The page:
The project will also take advantage of Quick Start, Georgia's program that provides free, customized employee training to new and expanding industries. State and local officials also credited Pittie's decision in part to the Screven County Industrial Park's status as a GRAD site, one of more than 30 around the state.

GRAD stands for "Georgia Ready for Accelerated Development." To qualify, Screven County had a 90-acre tract in its industrial park designated "pad-ready" with utilities available and such hurdles as wetlands delineation already cleared. Georgia's electric power providers help market the sites.

Two industries in 2013

After about 20 years with no new completely new industries, Screven County has now landed two in seven months. Omega Piezo Technologies, a company that makes piezoelectric components used in things such as alarm systems and medical devices, announced in April that it would create 20-25 jobs in Screven County in two years. Renovations are ongoing to prepare the former White Stag building for Omega Piezo.

Chairman Will Boyd of the Screven County Board of Commissioners traces these coups to a revamping of the Development Authority with new board members and a new executive director about three years ago.

"We revamped our Development Authority and got a new director, and she has done an excellent job," Boyd said. "We've had a lot of activity and it is really producing fruits now. The state has really stepped up and helped us a lot as well. It's been a good relationship with everybody involved."

The authority chairman, Bobby Smith, was part of that new guard. One of the board's first tasks was to find a new executive director. They worked with a consulting firm, received more than 30 applications, and interviewed five candidates before hiring Bacon, who started work May 2011.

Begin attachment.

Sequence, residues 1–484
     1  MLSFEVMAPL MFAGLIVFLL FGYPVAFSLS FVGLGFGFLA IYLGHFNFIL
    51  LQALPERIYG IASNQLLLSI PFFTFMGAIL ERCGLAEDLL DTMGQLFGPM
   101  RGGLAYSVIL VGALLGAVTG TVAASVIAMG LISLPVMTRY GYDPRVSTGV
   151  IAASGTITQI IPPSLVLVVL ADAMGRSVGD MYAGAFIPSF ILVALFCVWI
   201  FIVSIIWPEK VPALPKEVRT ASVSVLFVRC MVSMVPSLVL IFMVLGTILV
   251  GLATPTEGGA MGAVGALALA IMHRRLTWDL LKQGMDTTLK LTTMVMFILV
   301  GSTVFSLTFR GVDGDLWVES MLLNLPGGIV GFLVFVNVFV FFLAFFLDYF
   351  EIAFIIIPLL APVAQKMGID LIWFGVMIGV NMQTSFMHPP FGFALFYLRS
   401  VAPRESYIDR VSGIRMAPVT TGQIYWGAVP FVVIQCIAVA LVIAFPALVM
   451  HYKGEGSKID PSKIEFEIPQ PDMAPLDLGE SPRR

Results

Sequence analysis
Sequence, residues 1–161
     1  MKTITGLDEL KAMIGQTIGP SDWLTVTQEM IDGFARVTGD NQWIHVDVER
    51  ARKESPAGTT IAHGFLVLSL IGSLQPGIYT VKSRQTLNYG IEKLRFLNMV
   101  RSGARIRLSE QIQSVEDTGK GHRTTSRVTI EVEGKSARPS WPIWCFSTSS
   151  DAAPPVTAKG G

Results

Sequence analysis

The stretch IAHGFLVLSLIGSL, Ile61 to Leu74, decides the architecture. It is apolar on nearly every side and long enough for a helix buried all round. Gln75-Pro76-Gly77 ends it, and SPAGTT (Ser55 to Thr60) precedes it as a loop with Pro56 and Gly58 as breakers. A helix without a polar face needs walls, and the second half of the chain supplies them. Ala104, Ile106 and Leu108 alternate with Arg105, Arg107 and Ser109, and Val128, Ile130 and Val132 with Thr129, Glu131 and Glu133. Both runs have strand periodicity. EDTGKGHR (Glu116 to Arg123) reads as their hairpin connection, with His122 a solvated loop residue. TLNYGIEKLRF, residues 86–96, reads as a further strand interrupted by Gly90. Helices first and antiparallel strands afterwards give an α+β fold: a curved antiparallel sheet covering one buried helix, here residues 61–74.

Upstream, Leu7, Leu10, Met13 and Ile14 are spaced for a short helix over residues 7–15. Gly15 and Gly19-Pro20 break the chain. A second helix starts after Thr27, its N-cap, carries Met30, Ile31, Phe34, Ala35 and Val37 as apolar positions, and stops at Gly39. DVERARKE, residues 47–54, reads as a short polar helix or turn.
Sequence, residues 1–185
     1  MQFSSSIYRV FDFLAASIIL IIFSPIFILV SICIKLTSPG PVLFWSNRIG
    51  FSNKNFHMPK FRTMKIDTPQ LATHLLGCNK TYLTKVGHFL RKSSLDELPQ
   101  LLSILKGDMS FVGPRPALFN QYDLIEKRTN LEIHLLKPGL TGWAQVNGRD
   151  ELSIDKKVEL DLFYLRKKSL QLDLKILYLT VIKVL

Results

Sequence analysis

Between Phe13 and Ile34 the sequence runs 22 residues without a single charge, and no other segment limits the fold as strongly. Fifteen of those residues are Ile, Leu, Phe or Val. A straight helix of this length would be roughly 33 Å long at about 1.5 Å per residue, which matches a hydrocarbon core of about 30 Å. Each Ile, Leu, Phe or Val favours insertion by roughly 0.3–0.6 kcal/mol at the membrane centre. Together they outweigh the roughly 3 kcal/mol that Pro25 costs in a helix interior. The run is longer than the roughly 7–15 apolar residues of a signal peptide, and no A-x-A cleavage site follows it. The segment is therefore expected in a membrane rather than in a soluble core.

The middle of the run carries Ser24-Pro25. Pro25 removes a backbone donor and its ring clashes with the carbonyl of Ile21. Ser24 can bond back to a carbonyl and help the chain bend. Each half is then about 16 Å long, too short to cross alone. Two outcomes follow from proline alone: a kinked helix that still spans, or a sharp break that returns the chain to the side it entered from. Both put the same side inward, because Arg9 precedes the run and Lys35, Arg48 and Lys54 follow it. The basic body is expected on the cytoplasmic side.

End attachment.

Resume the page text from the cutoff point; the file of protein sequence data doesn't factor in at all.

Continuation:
"We've got a real aggressive board, I think. We've been tooting our horn a lot in Atlanta and we have one of the best young economic developers in the state in Dorie, and I think that's helped us a lot," Smith said. "We've just been reaching out. Our county commissioners and our city council have been easy to work with, our Chamber of Commerce."

Board members also made a visit to the Georgia Ports Authority to establish better relationships. As a result, one local industry that had used Charleston's port switched to Savannah's, Smith said.

"We're doing everything we can to bring Screven County to the forefront," he said.

Gov. Nathan Deal was not in Sylvania, but the Governor's Office released an announcement of its own.

"The decision by ShriVallabh Pittie Group to locate its new facility in Georgia is an example of how our state is quickly becoming the No.1 state for companies to do business," Deal said. "The company's decision to build its first U.S. facility in Georgia underscores our attractive infrastructure and diverse talent pool."